Model Driven Architecture – order out of chaos?

To say that most software design is “chaotic” is of course mostly meant as a joke here, but for those that have direct experience, well, they know just how many variables are involved in such an endeavor.  At its heart, MDA (or Model Driven Architecture) is a system of guidelines which seek to greatly simplify the entire process of creating software.  It’s much easier to deal with models or representations of something when examining the larger superstructure of anything.  Complex systems tend to be multifaceted of course, so any type of methodology which is able to simplify things is certainly welcome, particularly if we’re talking about it being for business purposes.

So, what is Model Driven Architecture, exactly?  If you can imagine that particular specifications are handled by separate models which they themselves can be modified, well, that’s sort of an easy way of describing how MDA works.  Model Driven Architecture is actually a means of implementing certain types of technologies and standards, like these for example:

  • UML – Unified Modeling Language

  • MOF – The Meta-Object Facility

  • XMI – XML Metadata Interchange

  • EDOC – Enterprise Distributed Object Computing

  • SPEM – The Software Process Engineering Metamodel

  • CWM – The Common Warehouse Metamodel

 Each of them has a very specific purpose or fulfills a very precise role.  Likewise, because MDA is technically considered to be “open” or proprietary, it can be further deployed on pretty much any type of platform, like:

  • Web Services (standard or otherwise)

  • JAVA

  • CORBA

  • .NET

  • J2EE

  • XMI/XML

 Needless to say, this is a very interesting approach toward design and it allows for a multi-tiered form of control which can be quite precise and detailed in nature.  However, what this really achieves is to create a design architecture where the basic components which are driving the technology remain largely unchanged.  As the creators of MDA (omg.org) explain:

                 “These platform-independent models document the business functionality and behavior of an application separate from the technology-specific code that implements it, insulating the core of the application from technology and its relentless churn cycle while enabling interoperability both within and across platform boundaries.”  

 It makes sense, keep the finer parts of the machine isolated so that you can focus on the layer(s) above as far as design, purpose and direction are concerned.  At the same time, software engineers can focus on relevant details instead of what might be deemed “irrelevant”.

In truth, modeling has already impacted the world of software engineering in a pretty major way.  Businesses in particular, with special focus on those which employ large-scale enterprise systems, seem to have been among the first to embrace a model-based way of examining their infrastructure and software solutions.  In any case, the point is to arrive at the most logical answer in the shortest amount of time possible; moreover, the use of models is meant to aid in terms of both easing understanding as well as cutting down development times.  So, how are the models themselves constructed and used, you ask?  The following four principles provided by OMG explain this in greater detail:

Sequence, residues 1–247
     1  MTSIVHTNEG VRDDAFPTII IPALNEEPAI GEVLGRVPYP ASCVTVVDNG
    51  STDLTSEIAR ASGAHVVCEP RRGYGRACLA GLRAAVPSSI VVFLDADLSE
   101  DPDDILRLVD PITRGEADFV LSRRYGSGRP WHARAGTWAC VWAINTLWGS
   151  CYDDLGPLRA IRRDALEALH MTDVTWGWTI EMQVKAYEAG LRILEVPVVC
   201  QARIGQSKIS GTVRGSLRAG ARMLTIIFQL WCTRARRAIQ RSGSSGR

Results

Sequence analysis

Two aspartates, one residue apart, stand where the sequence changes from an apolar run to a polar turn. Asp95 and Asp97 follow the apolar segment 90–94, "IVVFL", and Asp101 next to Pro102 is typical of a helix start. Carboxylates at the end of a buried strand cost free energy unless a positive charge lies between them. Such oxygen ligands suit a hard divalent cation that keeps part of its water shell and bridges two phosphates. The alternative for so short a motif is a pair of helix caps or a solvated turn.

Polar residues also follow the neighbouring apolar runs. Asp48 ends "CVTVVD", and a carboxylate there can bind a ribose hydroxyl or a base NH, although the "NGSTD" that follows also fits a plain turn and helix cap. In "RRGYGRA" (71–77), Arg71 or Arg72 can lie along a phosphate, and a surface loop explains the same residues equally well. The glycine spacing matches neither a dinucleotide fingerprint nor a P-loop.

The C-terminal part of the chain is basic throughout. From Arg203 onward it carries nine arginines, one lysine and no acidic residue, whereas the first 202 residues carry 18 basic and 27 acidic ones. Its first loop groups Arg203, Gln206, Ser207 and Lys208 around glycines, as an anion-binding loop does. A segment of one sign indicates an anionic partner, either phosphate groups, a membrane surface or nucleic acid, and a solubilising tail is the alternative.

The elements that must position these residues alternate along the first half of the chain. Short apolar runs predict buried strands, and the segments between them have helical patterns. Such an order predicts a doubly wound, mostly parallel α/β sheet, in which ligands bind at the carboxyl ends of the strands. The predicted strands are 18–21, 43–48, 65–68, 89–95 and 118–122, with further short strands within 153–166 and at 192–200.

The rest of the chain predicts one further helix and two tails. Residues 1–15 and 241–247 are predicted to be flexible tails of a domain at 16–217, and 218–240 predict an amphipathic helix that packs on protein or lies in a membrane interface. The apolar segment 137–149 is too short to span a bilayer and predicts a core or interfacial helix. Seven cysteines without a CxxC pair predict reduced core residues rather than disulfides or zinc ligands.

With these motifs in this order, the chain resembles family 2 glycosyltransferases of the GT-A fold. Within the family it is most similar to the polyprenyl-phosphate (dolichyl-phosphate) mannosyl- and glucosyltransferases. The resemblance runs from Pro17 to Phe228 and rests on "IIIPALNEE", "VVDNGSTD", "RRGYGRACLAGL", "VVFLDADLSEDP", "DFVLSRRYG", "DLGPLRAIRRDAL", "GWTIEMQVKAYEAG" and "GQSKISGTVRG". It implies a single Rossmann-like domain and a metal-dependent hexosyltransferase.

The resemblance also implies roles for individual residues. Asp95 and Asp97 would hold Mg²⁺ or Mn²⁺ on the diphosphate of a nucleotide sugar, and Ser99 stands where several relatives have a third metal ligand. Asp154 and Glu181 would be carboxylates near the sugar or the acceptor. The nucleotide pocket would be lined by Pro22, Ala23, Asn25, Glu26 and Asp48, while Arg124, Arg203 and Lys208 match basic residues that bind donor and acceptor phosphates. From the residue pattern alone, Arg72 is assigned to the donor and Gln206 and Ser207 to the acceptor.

• In order to create industry standards, acceptance and broad adoption of this model-based approach is required.  The end goal of course is to provide openness to consumers, as well as enhance competition among users/vendors.

  • Models should be expressed in a well-defined system of notation, this is critical when it comes to better understanding systems for enterprise-scale solutions.

  • A formal methodology for describing models via a set of metamodels, better facilitates meaningful integration and transformation among these same models, and is the basis for automation when relying on certain tools.

  • When building systems, a set of models can be controlled or manipulated by imposing a series of transformations between models, organized into an architectural framework of layers.

 As we have seen with other types of approaches to software engineering / design or even something like IT management, standards of practice and adherence to tested methodologies is undoubtedly the way to go.  Likewise, once you have more than a few people in any one industry using the same basic methodological approach, we can create and compile even more powerful / useful “best practices”.

If you’re an IT professional who is involved in either software design and/or overseeing some form of business-related enterprise architecture, it would do you well to take a closer look at Model Driven Architecture.  Not only will an MDA approach allow you to potentially derive better solutions in a faster, more efficient manner, it might also afford you the opportunity to achieve this with far fewer complexities.  The purpose of models is to simplify your comprehension of the system while at the same time keeping critical elements isolated, in situations where a business needs assurances that ongoing modifications to their legacy software and applications isn’t going to jeopardize basic operations, MDA is certainly one of the more attractive solutions.

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